Abstract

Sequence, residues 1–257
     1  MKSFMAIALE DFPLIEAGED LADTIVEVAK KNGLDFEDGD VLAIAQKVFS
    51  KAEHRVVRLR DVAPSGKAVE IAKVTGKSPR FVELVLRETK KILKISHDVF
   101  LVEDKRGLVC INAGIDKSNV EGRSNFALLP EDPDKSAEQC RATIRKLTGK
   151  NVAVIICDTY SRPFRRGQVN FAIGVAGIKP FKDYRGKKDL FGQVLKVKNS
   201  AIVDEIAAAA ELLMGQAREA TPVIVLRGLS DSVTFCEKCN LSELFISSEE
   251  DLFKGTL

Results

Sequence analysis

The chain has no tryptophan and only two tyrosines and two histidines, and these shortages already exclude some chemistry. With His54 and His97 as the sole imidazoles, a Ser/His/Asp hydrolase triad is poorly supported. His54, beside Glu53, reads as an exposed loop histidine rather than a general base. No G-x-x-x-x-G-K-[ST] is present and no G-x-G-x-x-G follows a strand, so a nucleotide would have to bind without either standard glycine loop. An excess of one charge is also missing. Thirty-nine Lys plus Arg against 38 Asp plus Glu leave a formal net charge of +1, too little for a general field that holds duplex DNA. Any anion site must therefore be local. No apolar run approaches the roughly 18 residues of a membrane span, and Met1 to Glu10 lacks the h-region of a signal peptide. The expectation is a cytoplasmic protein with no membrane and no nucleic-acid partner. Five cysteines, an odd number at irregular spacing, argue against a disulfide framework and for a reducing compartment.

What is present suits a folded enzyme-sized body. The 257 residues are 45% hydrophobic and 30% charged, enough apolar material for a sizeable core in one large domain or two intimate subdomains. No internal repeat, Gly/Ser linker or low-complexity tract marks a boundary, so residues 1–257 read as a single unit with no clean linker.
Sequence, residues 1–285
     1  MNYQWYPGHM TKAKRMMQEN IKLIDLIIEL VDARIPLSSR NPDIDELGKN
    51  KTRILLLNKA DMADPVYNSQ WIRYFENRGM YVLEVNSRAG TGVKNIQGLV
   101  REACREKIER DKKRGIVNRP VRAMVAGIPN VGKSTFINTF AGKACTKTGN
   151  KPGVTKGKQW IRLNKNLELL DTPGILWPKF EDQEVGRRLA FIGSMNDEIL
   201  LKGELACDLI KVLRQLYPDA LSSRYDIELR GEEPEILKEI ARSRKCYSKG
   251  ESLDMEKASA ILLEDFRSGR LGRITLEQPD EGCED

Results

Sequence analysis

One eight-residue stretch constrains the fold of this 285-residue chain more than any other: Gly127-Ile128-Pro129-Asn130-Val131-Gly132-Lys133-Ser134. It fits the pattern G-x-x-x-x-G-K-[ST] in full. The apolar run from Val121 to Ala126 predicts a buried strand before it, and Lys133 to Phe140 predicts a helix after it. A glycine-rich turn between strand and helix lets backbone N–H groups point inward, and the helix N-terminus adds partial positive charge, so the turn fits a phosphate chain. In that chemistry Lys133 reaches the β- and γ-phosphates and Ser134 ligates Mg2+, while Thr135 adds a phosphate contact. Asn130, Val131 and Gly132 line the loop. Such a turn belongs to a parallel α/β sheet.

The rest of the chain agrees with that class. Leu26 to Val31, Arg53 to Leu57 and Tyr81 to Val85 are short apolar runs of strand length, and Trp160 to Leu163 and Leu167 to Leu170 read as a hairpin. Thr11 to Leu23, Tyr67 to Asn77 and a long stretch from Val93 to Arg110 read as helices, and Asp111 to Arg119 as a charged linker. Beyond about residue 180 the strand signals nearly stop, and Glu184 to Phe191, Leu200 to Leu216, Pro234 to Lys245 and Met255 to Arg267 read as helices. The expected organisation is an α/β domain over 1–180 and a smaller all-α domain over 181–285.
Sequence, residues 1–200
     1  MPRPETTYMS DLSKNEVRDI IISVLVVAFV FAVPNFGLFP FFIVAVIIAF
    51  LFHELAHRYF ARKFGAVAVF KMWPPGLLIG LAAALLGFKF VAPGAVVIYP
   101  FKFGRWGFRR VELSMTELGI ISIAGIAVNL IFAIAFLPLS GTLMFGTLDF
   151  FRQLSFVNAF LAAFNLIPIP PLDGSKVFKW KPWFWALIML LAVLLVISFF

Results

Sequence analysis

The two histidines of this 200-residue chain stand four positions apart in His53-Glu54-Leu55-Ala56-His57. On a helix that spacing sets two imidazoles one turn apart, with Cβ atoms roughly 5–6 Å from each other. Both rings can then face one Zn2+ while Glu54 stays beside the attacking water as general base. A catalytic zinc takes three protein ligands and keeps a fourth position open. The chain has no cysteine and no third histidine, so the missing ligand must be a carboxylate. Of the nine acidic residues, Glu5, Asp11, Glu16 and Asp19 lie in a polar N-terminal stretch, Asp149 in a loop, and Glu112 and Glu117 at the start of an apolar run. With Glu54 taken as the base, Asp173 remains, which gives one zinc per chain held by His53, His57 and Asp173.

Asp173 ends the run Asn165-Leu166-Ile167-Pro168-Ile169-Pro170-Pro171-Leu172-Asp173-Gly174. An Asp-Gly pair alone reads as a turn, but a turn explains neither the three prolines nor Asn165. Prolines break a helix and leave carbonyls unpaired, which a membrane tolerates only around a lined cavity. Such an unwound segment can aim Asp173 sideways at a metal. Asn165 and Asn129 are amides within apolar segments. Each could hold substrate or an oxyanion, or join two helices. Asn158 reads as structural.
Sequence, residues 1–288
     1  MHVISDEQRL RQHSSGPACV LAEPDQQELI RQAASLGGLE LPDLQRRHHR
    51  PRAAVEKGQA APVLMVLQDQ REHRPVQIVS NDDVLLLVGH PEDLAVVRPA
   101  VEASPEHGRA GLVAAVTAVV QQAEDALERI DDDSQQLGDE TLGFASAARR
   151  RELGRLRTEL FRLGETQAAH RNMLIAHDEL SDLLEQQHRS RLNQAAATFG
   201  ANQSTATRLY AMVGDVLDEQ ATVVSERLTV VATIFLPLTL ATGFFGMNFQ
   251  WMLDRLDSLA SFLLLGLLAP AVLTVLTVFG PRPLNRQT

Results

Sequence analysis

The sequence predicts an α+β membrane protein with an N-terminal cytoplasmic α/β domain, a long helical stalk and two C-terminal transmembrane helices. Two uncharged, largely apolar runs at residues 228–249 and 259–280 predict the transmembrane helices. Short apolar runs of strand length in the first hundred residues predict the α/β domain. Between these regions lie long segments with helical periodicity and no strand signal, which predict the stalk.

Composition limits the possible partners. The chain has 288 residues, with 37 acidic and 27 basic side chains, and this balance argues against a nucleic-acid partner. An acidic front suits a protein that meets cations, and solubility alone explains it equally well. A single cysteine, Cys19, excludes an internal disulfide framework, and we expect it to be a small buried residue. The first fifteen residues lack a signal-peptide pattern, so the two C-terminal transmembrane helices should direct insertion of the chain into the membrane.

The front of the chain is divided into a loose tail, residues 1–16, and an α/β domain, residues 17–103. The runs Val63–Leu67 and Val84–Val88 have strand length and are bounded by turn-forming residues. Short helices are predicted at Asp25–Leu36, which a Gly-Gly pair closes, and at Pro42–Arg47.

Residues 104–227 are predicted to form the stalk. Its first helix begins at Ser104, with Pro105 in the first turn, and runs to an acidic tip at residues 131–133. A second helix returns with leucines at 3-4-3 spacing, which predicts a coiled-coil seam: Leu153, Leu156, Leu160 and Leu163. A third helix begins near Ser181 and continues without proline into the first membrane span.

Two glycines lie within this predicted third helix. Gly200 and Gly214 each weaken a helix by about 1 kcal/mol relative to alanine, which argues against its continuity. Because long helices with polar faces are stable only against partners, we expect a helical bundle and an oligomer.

The Mississippi Valley-type lead-zinc ores of the Viburnum Trend in southeast Missouri are hosted by the Upper Cambrian Bonneterre Dolostone. The ore deposits are clearly epigenetic but conventional geologic and geochemical methods have failed to give an absolute date for the time of mineralization and thus have hampered the understanding of the ore genesis. The magnetic remanences of both ore and host are very weak but measurable. The paleopoles determined from the ore samples indicate an Early Permian-Late Pennsylvanian magnetic event. The host rocks collected in the mines have been remagnetized, showing paleopole positions similar to those of the ore samples. Correlative Bonneterre Dolostone samples collected far away from mineralization have poles quite different from those of similar host rocks in the mine; they probably still retain part of the original direction acquired during their sedimentation. To explain all of the paleomagnetic results in this study best, a mechanism for resetting the paleomagnetic clock by the mineralization is proposed. According to this mechanism, the age of the magnetic event observed from the rocks in the mine would probably represent the time of the mineralization. If this premise is accepted, the mineralization in the Viburnum Trend occurred in Early Permian-Late Pennsylvanian time.The paleomagnetic methods used are regarded as being potentially applicable to many other problems of a stratigraphic and diagenetic nature. With the arrival of cryogenic magnetometers for routine usage, paleomagnetic studies of many additional deposit types will have come of age.

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